Fortune China CSR
Fortune China, special edition on corporate social responsibility - unofficial summary translations in English
Fortune China published a special edition on corporate social responsibility in August 2006. The original is in Chinese. The following summaries of key points from some of the articles are provided by Business & Human Rights Resource Centre:
- "What change will CSR bring?", editor's introduction
- "CSR: a marriage between companies and stakeholders", Guo Peiyuan, socially responsible investment specialist
"What change will CSR bring?", editor's introduction
Businesses are becoming more aware that fulfilling corporate responsibility is not only to meet the expectations of stakeholders, but also a means and an opportunity to fulfil the corporate mission and vision. Not only are multinational corporations becoming responsible, so are local Chinese companies such as Vanke. It has “corporate citizenship” as part of its 10-year plan. Regarding safety and environmental challenges, even a major oil company such as CNPC took some action by committing itself to SA8000 compliance.
This issue of Fortune China has interviewed a number of corporations about implementation of corporate accountability measures, including:
- BP: says “corporate responsibility is not just charity but more about being a successful and sustainable business”; initiatives include reduction of carbon dioxide emissions, alternative recyclable energy, Employee Matching Fund on charitable causes and Green Education Project in China
- L’Oréal: winner of Prestigious Global Business Coalition on HIV/AIDS Award, sponsored Chinese Young Women in Science, reduced water consumption by almost 50% in factories and recycled 90% of waste materials
- IBM: collaboration with Palace Museum to build an interactive real-time information and guiding platform, which is considered as an education project
- Intel: emphasis on engagement of staff in Intel Volunteer Matching Grant Program, focussing on environmental protection and education projects
- Bayer: implemented measures to turn wastewater into usable water; sponsored public health, poverty reduction, science education, special Olympics and AIDS prevention projects.
Leaders among local Chinese companies include:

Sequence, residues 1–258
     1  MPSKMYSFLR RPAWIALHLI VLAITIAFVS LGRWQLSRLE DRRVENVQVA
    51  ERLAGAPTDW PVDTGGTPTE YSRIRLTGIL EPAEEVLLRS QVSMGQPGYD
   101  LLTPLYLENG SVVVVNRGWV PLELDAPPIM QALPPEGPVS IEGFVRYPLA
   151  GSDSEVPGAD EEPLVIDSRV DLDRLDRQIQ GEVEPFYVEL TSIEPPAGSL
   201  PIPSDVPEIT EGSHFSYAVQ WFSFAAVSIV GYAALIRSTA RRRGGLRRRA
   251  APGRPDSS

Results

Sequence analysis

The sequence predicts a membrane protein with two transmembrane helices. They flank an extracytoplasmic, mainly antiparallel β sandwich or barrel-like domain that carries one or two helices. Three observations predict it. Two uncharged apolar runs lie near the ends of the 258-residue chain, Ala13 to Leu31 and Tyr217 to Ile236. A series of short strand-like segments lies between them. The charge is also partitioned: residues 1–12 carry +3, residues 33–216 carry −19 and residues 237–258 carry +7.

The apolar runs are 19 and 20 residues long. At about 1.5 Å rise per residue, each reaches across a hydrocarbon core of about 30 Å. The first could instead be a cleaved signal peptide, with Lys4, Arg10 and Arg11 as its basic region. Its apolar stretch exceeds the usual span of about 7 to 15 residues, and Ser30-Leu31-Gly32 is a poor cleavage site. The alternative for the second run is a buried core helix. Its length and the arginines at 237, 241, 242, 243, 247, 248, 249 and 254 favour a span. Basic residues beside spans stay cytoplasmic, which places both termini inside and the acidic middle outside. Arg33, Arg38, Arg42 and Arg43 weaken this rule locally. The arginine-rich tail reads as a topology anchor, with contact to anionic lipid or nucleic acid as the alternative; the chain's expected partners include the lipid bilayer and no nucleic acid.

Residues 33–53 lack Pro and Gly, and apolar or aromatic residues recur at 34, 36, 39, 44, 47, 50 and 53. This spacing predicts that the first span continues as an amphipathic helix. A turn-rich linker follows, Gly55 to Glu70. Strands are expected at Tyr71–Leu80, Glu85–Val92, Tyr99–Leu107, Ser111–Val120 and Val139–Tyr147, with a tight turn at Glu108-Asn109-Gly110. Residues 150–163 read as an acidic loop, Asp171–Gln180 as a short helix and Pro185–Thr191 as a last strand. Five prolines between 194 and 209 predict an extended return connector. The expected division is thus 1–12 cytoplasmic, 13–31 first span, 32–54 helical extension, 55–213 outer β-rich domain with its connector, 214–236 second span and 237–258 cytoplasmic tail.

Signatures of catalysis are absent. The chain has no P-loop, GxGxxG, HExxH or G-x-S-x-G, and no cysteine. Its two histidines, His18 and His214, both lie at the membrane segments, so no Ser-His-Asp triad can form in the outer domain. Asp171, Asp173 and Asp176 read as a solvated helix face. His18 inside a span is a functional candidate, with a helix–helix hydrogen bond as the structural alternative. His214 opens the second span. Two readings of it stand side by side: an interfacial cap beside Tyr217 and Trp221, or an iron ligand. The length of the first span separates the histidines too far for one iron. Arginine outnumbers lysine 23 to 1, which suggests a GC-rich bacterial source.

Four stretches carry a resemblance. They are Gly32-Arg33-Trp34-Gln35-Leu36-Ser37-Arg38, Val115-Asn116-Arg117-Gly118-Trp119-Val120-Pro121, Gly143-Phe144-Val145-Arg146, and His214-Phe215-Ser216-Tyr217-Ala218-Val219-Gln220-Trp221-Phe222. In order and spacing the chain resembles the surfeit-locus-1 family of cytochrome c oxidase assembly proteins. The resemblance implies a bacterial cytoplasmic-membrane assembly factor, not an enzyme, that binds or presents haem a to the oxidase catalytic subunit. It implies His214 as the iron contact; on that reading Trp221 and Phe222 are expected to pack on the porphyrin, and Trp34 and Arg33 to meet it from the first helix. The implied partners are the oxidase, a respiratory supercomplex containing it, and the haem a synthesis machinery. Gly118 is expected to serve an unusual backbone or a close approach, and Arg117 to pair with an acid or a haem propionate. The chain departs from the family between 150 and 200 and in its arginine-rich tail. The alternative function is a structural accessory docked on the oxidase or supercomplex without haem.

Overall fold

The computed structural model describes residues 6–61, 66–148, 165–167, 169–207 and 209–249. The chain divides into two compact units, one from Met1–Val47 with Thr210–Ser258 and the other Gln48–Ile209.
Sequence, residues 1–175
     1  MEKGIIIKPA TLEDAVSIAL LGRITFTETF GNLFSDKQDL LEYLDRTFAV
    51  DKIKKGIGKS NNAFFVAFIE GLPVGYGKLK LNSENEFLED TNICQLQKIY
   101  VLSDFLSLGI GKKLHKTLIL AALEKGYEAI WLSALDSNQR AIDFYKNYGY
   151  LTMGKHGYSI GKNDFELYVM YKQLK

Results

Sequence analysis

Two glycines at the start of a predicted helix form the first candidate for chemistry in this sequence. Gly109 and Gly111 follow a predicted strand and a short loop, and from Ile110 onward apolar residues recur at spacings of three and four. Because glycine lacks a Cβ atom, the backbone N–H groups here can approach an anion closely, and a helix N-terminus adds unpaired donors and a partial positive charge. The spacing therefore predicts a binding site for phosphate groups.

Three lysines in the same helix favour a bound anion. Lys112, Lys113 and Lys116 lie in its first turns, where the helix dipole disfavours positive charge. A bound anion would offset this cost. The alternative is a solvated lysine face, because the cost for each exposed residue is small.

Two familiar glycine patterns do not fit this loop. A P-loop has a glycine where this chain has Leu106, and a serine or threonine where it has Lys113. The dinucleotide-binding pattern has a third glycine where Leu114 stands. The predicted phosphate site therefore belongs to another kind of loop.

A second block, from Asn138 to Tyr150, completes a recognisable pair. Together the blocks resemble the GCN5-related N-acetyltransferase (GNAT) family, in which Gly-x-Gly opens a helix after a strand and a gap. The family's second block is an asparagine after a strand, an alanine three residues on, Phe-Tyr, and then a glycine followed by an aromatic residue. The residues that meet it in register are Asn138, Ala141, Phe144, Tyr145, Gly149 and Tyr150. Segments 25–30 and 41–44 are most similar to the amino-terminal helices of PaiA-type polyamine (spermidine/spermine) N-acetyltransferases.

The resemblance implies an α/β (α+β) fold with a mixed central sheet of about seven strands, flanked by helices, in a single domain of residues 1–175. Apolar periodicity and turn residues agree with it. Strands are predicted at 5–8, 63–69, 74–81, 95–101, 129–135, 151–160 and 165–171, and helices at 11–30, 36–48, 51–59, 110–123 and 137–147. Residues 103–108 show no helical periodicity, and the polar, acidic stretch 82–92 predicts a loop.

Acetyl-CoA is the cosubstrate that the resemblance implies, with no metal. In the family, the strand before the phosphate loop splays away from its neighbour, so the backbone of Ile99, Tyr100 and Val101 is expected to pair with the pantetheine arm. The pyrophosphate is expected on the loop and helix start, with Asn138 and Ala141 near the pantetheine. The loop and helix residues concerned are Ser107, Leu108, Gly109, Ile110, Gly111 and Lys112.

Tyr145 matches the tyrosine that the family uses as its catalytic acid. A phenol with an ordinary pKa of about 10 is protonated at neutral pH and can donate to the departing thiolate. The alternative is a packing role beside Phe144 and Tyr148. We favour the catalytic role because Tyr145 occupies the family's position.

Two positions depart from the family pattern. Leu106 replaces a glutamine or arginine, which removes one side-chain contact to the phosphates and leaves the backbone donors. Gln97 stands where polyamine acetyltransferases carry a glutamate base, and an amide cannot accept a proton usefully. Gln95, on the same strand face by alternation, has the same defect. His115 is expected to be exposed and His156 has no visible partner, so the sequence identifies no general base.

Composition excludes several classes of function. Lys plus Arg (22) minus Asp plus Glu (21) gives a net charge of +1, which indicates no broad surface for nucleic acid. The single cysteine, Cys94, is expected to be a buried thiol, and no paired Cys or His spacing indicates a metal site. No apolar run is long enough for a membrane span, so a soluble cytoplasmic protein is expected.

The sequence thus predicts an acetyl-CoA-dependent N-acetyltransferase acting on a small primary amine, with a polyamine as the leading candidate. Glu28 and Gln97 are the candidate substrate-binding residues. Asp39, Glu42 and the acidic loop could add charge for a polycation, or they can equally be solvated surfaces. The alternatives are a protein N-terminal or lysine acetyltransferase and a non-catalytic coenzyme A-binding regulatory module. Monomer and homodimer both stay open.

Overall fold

- Vanke: “Change Agent, Corporate Citizen” as slogan, environmental protection and energy-saving measures in all new development projects
- Lenovo: organized yearly charity day gathering donations in excess of 60 million yuan going to SARS patients and tsunami relief effort
- Haier: sponsored education and poverty reduction projects
"CSR: a marriage between companies and stakeholders", Guo Peiyuan, socially responsible investment specialist
In this article, Guo Peiyuan introduces the concept of CSR by the Triple Bottom Line theory first advocated by John Elkington, i.e. economic, social and environmental bottom lines that are measurements for accountability not just to shareholders, but also stakeholders. Guo stresses that the endeavour to protect stakeholder interests is in fact in line with business interests. He quotes the World Resource Institute findings that by 2015 car companies with petrol-consumption reduction initiatives such as Toyota, Nissan and Honda are projected to have a 2-12% revenue increase, in contrast to traditional car makers General Motors and Ford which may see a 5% dip.
Guo says stakeholder interests are not always at odds with shareholder interests. He quotes the example of Hewlett Packard’s teaming up with NGOs and environmental groups in its Dragon Recycling Project which has seen much reduction in material costs. He notes that examples in local Chinese companies are common too, e.g. Leshan Yongfeng Paper Products in Sichuan has encouraged community development by transforming agricultural land through re-forestation and purchasing bamboo sheets from villagers with a protected price.
Yet Guo admits that CSR has its challenges in China. First, it is a relatively new concept which attracts much misunderstanding and thus resistance. Second, companies lack the experience in, and proper assistance for, implementation. Many have simply turned to the traditional notion of CSR being philanthropic donations. Third, the continuous engagement of stakeholders is vital and sometimes difficult to achieve.